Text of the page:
The tour passes through the private hamams and toilets of the valide sultan to the Imperial Hall (Hünkar Fofras?), decorated in Delft tiles. This grand room is the largest in the Harem and was where the sultan and his ladies gathered for entertainment, often being serenaded by musicians in the balcony. Designed perhaps by Sinan during the reign of Murat III, it was redecorated in baroque style by Osman III (r 1754–57). The tour then enters the Privy Chamber of Murat III (1579), one of the most sumptuous rooms in the palace. Dating from 1578, virtually all of the decoration is original. It is thought to be the work of Sinan. Besides the gorgeous ?znik tiles and a copper fireplace, there is a three-tiered marble fountain to give the sound of cascading water and, perhaps not coincidentally, to make it difficult to eavesdrop on the sultan’s conversations. The gilded canopied seating areas are later 18th-century additions.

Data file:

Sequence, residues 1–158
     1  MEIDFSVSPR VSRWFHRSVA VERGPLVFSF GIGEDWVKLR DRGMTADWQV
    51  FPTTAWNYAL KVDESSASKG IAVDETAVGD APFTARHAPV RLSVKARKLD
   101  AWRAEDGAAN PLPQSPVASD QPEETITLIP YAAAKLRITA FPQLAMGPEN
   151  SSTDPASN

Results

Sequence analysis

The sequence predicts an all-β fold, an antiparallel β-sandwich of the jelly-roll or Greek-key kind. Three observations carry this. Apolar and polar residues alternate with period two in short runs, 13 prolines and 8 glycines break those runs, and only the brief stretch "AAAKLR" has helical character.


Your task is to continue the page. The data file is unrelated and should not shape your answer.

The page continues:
Northeast (to the right) of the Privy Chamber of Murat III are two of the most beautiful rooms in the Harem  the Twin Kiosk/Apartments of the Crown Prince (Çifte Kas?rlar/Veliahd Da?res?). These two rooms date from around 1600; note the painted canvas dome in the first room and the fine ?znik tile panels above the fireplace in the second. The fabulous stained glass is also noteworthy. North and east of the Twin Kiosk is the Courtyard of the Favourites (Gözdeler/Mabeyn Ta?l??? Ve Da?res?).

The Turkish word for ‘favourite’, gözde, literally means ‘in the eye’ (of the sultan). Over the edge of the courtyard (really a terrace) you’ll see a large pool. Just past the courtyard (but on the floor above) are the many small dark rooms that comprised the Private Prison(kafes) where the unwanted brothers or sons of the sultan were kept. A corridor leads east to the Golden Road (Altinyol), a passage leading south. A servant of the sultan’s would toss gold coins to the women of the Harem here, hence the name. It is among the oldest parts of the palace, having been built by Mehmet the Conqueror. The Harem tour then re-enters the guardroom with the huge gilded mirrors and exits through the Birdcage Gate into the palace’s Third Court.